The Changing Role of Libraries & How To Consider the ALA Code of Ethics

Since we didn’t have official readings for this next session of class, I figured that it might be helpful to do a little setting the stage for my group’s upcoming workshop.

Last week was chock-full of thinking about ethical considerations in libraries and as librarians.  There’s no question that the role of libraries within their respective communities are shifting. While a library certainly can’t (and probably shouldn’t try to) be everything to everyone, libraries do have a long history of providing the public (or a particular population) access to resources that would be unavailable to most people on an individual basis.

A public library may be able to provide access to a database of articles and stats that wouldn’t be affordable to most people. Their offerings of books, movies, games and other media will vastly outnumber the personal collections more folks will have. Libraries can provide access to technical equipment and specialized skills and training. Another specific example — this last week in Austin, I noticed a library had a specific free workshop to help family members learn how to navigate systems for elder-care and other resources to help care for relatives who needed an extra hand. On a physical level, libraries can provide meeting space for community groups. Though there are many definition of infrastructure, in some ways it could be said that libraries provide resources and infrastructure that can be used/shared my many folks.

So, if we extend the idea of resources, support and shared infrastructure, who’s to say that providing digital recording and editing suites, a 3D printer/maker-bot, collaborative spaces, and platforms for community publishing wouldn’t fall within those general ideas of what a library “should/could” provide too?

There’s some great conversation going on around this topic — so much that I will probably be linking to/talking about these ideas in future posts.  However, for now, I want to bring things back to the idea of library ethics.

Last week, we read the ALA Code of Ethics. Although many of the ideas and themes in the code remain the same, how might the code shift as what libraries do and are shift? As libraries move beyond points of access to resources, and become a part of the creation of resources & media, what additional questions or conflicts might arise? There’s a lot of room for thought here, and our team’s in-class workshop intended to delve a bit into this territory and begin sussing out just how and why (or why not) the ALA Code of Ethics (and/or our own interpretation of it) might need to change.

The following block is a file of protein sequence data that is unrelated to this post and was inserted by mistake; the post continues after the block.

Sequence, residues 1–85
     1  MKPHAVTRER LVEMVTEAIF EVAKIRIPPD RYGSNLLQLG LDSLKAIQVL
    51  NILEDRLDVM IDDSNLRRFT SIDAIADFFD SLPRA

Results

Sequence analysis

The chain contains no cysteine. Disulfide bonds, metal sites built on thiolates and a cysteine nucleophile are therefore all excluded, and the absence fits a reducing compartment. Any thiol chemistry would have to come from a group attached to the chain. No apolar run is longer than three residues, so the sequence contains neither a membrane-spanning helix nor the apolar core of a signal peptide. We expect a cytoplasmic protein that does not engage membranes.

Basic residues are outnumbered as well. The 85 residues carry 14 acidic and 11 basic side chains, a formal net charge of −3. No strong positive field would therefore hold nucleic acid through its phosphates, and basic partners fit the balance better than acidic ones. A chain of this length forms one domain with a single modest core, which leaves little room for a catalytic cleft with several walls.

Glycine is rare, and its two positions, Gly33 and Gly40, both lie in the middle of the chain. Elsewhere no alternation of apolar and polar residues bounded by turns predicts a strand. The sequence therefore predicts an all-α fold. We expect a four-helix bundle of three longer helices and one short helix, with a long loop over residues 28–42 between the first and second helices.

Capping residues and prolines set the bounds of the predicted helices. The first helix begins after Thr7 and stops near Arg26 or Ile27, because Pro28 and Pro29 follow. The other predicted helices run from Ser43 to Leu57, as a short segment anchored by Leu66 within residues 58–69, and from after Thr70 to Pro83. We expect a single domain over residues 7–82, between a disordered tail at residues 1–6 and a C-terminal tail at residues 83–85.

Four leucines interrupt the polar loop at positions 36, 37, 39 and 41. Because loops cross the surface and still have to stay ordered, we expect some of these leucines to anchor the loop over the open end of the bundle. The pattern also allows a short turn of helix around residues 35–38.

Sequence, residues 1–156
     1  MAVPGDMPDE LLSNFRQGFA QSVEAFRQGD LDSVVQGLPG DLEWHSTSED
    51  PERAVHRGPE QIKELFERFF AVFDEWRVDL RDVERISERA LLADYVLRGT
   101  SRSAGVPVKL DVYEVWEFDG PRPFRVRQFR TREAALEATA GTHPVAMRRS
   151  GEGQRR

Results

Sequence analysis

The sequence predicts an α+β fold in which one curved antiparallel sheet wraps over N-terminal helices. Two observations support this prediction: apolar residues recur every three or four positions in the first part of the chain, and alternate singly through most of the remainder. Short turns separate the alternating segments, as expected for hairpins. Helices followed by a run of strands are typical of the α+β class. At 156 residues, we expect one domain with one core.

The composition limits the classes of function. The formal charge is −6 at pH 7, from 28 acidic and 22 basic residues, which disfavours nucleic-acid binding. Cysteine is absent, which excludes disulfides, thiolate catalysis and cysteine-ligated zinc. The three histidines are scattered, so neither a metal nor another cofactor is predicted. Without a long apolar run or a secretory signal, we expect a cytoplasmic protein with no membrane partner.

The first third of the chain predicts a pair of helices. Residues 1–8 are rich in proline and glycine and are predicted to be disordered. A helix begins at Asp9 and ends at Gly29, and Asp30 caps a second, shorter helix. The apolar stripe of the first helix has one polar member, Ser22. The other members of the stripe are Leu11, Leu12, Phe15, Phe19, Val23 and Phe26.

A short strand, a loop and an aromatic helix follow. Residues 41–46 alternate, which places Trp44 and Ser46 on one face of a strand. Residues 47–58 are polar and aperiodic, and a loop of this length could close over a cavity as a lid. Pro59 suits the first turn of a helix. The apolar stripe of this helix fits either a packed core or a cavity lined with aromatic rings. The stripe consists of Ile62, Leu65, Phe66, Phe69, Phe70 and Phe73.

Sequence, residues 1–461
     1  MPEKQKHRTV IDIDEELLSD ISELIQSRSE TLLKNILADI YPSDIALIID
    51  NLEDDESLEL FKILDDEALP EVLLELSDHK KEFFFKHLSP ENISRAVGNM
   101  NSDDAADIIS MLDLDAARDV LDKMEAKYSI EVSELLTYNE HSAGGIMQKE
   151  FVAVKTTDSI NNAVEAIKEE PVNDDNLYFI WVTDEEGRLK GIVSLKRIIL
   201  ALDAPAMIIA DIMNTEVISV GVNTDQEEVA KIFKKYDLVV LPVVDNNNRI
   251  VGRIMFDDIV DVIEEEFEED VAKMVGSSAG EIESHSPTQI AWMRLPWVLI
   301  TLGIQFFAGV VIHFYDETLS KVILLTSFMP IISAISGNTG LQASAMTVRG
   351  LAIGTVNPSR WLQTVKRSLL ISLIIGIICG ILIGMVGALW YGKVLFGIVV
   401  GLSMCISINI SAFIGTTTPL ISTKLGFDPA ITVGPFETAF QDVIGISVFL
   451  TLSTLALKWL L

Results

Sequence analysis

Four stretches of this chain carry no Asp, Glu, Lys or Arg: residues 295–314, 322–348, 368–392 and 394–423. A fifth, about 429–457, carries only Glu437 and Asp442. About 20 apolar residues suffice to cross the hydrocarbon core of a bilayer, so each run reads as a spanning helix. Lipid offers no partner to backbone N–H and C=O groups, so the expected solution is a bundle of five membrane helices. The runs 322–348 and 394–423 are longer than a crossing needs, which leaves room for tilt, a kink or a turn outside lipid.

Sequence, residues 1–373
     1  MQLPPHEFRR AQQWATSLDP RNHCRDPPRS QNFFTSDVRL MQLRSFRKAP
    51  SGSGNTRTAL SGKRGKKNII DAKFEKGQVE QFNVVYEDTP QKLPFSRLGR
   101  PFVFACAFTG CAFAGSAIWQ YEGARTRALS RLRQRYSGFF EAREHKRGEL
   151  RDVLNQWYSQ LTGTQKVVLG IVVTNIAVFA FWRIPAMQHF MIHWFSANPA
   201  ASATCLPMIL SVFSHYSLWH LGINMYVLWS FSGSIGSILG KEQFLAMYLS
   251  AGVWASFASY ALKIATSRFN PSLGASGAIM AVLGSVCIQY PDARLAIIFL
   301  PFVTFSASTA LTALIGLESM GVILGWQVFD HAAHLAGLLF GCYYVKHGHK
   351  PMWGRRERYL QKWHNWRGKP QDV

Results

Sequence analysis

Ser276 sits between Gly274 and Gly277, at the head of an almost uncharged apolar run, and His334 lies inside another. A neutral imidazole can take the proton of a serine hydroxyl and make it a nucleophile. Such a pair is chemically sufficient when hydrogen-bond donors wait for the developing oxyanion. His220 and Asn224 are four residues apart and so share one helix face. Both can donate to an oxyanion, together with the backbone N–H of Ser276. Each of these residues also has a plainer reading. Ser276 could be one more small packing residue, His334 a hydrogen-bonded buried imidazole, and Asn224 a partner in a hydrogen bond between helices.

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4 thoughts on “The Changing Role of Libraries & How To Consider the ALA Code of Ethics

  1. I have the same question — has the resource/information landscape changed so dramatically since the last update in 2008 that it is time to reconsider it?

    1. Kristin —
      Glad that I’m not the only one wondering about that. We did an exercise in our workshop that presented a specific scenario (what if in the future libraries were *only* makerspaces/places for content creation), and then had small groups re-write and edit a Google Doc version of the current code of ethics.

      Of course, we were’t positing that in the future, libraries will *only* be such spaces, but setting up that story was, I think, helpful for participants. I was really impressed with the ideas that came from the groups subsequently reporting back.

      A few of those:
      a) Not denying private/corporate support, but stipulating that it can not come with restrictions or exclusivity
      b) The idea of “levels” of membership (free vs. various paid levels)
      c) The uneasy balance of trying to tell people not to create dangerous of “offensive” material (does this veer into censorship? Who is the last word on taste?)
      d) The idea that *users* enter into a certain contract of respect with each other (as well as the librarians/staff)

  2. I really enjoyed our discussion of makerspaces and the changing role of the library in society — and the attendant need to (perhaps!) place content creation more toward the center of that mission. I like to think, too, that libraries may find more common ground with publishing (if not with publishing companies) going forward …

    1. Kelly, I think that you are on to something in terms of libraries starting to find a little more common ground with publishing, though not necessarily with publishing companies. The mode of large publishing powerhouses is obviously showing some strain (I’d argue there are some parallels between them and Warner, Atlantic, other big record labels, though the shakeup in publishing is happening at a little slower pace).

      Still, people are hungry for content that’s relevant. I think that libraries would be smart to understand what projects they can host or support that might benefit their communities/public and therefore raise the overall profile/value of the library in the public view.

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